Mighty Sam McClain
One More Bridge to Cross
by Mark E. Gallo
Review date: November 2003
"Keeping the Blues Alive Award"|
Achievement for Blues on the Internet
Presented by The Blues Foundation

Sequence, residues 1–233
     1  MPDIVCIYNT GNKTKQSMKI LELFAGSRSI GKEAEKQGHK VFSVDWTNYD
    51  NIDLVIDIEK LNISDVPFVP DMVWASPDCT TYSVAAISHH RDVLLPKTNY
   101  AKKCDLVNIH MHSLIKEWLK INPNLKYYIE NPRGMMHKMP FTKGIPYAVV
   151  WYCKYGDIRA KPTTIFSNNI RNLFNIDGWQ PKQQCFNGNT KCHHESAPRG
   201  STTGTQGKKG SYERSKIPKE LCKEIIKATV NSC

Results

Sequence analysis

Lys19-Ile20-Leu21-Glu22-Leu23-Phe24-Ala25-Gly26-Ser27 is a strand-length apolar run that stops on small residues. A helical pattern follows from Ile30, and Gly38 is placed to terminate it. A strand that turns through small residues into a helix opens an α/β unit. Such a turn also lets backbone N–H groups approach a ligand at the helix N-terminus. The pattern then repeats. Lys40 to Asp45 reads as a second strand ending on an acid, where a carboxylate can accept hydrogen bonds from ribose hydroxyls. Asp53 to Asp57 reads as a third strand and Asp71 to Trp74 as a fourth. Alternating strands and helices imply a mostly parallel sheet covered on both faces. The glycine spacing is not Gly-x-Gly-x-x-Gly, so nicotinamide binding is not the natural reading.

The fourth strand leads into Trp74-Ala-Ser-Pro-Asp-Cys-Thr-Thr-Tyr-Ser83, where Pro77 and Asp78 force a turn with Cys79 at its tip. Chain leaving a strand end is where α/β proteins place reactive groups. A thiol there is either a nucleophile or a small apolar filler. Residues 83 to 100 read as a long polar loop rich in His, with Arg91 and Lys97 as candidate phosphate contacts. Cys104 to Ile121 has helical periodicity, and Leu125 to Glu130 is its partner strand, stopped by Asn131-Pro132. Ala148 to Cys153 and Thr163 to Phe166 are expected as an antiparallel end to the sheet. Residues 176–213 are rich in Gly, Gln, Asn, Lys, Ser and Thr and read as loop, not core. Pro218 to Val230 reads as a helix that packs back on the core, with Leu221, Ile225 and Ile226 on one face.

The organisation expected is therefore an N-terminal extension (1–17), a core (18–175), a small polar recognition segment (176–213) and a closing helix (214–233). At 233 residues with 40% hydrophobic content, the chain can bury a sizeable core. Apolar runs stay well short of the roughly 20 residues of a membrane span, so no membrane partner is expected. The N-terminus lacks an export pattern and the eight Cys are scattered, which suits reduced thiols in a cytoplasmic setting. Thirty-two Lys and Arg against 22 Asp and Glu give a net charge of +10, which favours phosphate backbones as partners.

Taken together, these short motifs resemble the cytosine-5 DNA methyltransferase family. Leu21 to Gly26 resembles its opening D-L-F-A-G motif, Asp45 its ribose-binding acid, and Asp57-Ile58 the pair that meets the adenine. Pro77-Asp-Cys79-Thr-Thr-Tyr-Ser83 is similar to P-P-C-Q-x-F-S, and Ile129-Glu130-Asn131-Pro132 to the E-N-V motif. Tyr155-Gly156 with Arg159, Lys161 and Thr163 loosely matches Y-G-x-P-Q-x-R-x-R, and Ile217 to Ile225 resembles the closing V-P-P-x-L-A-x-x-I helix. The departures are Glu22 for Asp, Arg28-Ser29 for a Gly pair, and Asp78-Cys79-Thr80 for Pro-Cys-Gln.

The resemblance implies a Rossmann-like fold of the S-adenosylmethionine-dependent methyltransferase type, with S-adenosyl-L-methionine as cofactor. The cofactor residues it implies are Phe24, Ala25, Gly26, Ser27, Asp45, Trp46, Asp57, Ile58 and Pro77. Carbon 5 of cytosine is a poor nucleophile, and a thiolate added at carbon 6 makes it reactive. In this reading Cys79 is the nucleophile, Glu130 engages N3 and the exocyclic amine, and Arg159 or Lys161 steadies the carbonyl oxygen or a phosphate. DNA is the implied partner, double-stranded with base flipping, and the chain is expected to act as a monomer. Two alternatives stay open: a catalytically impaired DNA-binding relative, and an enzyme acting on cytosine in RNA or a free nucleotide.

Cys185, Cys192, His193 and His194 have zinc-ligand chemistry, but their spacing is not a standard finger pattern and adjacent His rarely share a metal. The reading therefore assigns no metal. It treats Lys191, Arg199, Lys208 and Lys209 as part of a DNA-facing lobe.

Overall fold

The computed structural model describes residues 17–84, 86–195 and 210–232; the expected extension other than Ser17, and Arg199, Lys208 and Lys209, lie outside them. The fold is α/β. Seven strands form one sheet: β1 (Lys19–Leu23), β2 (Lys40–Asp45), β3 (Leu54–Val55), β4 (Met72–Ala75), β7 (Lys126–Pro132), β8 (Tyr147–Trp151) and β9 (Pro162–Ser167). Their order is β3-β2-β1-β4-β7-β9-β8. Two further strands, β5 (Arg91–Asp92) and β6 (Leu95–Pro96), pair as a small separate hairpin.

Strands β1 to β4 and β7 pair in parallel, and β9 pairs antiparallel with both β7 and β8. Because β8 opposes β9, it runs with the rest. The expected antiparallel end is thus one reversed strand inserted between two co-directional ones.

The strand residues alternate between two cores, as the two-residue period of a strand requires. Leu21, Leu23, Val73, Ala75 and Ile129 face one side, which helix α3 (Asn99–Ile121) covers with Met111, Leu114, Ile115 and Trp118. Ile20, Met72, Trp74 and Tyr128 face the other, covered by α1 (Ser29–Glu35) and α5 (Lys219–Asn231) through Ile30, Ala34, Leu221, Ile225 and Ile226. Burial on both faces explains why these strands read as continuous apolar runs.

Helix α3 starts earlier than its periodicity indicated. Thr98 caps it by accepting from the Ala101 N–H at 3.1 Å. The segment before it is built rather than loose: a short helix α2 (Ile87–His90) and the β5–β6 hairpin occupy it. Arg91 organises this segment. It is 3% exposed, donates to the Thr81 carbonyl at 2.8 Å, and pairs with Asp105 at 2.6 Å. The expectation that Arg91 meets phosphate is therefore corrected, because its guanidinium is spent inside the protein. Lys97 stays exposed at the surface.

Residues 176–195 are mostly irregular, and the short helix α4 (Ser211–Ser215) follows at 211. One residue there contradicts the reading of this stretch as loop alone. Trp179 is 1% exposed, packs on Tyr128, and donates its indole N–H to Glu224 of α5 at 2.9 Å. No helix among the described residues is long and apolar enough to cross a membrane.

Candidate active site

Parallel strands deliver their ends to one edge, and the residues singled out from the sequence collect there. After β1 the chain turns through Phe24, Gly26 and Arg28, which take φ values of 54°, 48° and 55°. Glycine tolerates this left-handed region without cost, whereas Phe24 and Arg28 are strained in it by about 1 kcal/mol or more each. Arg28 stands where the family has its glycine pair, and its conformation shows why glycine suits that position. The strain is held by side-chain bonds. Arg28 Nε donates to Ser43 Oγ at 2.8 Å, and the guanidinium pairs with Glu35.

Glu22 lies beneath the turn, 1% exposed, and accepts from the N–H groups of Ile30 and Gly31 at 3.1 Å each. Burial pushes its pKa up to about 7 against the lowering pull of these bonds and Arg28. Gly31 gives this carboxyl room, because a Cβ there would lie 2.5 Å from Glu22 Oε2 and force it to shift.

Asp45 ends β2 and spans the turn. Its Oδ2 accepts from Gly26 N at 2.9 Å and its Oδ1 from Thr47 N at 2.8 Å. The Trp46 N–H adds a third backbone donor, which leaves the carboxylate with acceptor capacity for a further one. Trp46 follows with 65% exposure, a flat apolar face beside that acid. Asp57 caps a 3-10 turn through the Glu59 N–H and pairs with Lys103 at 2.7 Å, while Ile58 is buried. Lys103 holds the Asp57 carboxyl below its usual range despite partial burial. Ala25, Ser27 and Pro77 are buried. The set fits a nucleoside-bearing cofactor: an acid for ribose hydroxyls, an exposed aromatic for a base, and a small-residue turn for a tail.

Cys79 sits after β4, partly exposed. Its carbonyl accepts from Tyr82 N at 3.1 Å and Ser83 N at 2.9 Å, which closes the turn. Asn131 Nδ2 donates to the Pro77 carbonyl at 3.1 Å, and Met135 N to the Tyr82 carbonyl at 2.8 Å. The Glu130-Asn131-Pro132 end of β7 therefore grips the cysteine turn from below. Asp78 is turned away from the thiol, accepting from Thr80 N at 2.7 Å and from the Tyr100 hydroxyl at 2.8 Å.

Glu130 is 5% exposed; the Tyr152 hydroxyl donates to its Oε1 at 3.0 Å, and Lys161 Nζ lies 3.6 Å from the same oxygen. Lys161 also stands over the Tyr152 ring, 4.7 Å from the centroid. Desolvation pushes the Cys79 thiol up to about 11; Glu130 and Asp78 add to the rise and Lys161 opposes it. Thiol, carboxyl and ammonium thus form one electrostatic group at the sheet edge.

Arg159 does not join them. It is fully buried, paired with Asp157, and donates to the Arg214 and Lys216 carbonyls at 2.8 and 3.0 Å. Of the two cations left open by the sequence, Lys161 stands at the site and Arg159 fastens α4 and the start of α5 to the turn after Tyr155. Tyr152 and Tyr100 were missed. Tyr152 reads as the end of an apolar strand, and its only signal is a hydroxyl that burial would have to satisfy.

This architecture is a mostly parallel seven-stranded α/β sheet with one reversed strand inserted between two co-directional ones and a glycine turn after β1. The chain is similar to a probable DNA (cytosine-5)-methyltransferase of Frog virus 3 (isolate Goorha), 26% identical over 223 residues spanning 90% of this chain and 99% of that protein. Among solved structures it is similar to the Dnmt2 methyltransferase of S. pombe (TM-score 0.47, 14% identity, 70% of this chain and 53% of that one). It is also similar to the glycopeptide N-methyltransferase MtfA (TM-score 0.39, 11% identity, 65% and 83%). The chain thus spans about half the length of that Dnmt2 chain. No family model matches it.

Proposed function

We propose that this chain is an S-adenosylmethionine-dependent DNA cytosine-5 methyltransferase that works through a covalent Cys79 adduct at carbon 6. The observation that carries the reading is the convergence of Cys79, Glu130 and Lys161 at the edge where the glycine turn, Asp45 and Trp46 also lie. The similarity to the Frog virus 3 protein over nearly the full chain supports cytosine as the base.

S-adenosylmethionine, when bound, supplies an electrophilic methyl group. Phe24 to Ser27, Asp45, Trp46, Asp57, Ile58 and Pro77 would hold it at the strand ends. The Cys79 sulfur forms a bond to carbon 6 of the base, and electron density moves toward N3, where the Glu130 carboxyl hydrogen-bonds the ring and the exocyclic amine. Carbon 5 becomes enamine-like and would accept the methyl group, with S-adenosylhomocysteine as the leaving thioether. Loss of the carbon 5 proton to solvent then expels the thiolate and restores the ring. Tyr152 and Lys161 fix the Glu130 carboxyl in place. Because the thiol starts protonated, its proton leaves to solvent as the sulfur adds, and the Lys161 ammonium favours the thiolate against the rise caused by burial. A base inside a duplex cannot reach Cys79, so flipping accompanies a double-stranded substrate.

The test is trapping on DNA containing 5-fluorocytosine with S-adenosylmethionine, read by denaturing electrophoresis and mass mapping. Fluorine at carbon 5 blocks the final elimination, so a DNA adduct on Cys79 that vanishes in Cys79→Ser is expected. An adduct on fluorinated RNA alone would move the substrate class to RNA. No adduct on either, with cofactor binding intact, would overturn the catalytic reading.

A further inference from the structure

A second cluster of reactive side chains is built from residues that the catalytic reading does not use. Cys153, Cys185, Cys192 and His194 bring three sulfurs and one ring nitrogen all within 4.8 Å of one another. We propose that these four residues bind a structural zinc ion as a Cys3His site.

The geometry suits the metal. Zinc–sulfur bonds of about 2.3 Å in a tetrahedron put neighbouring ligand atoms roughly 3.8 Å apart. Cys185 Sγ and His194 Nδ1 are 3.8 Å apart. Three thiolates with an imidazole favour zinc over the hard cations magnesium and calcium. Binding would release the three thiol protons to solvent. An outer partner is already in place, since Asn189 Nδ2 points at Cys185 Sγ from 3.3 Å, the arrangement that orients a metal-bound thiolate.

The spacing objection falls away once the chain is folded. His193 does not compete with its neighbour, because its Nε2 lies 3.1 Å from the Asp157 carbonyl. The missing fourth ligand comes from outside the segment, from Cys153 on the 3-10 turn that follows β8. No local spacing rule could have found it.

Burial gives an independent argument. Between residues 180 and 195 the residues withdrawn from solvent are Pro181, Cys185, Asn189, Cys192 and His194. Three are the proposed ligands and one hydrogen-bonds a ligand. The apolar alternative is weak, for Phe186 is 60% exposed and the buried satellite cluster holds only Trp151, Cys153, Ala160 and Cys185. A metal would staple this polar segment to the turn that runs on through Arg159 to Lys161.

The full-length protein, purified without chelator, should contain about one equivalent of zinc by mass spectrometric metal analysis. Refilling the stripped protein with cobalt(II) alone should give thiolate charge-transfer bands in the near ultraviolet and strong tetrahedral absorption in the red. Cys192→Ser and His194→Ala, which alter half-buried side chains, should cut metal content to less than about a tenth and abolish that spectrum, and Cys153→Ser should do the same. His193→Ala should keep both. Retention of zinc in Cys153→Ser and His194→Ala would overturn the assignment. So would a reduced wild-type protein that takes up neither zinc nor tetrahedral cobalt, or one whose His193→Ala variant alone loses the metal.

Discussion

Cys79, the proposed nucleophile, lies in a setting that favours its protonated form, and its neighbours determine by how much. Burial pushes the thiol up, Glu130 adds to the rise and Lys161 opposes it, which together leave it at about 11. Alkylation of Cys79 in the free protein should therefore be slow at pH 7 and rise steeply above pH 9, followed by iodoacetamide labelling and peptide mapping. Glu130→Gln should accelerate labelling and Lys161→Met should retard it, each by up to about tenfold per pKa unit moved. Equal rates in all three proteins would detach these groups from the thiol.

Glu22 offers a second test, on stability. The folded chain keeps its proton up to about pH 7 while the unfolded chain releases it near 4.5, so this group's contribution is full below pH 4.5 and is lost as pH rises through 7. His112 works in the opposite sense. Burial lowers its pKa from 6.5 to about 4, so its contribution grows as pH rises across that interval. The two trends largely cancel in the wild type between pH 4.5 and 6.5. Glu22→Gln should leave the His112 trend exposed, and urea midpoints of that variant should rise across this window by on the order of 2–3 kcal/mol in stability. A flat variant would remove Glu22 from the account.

Sam McClain’s last couple of releases on Telarc were splendid and helped put the veteran back in the limelight. This debut effort on his own label is not only the most moving collection of music he’s ever released, it’s one of the finest examples of southern deep soul/blues released in years. Its also one of the standout discs of this young year. To call McClain the best blues voice this side of Bobby Bland in his prime is to state the obvious. He drips emotion throughout this superb 13-tune collection of mostly originals. Opening with Joe Hardin’s slow blues “Why Do We Have To Say Goodbye,” buoyed by Chris Tofield’s sweetly emotive guitar, Sam coaxes a tear and wrenches at the heart. When he sings “If I told you not to worry, would you listen/If I told you that sometimes you need to kneel and pray” (“Witness”), you know he’s telling the truth. Maybe not his, but imbued with the reality of love’s struggles nonetheless. “Open Up Heaven’s Door” is a glimpse of McClain’s spiritual side. His albums have always taken the listener back to church, and this is no exception. There’s never been a conflict between the secular and religious. Indeed, he can combine them comfortably, as he does on “Most of All,” on which he sings “Thank you for believing in my God, but most of all I thank you for believing in me.” Tofield’s guitar here is again exquisite. On his “What’s Your Name,” the band fires up on a medium tempo groove and on “Thought I Heard Your Voice” the tempo is spiced up with Barry Seelen’s greasy organ and Pat Herleby’s fat tenor. The power chords come out on the intro to “The Other Man In The Band” on which Sam sings “Sometimes when I do my music/it just don’t turn out right/No matter how hard I try/I just can’t seem to see the light/I really love this music”). Whatever the groove, Mr. McClain remains mighty. Chris Tofield contributes “Don’t Leave Me Behind” (“Some things I’ve done in life I do regret, but tell me Lord there is hope for me yet”), a song that McClain injects with his heart, and on the closing title piece, the horn section funks it up behind one of the best set of pipes in America. Sam gives the band plenty of space and they’re worthy of the gig.
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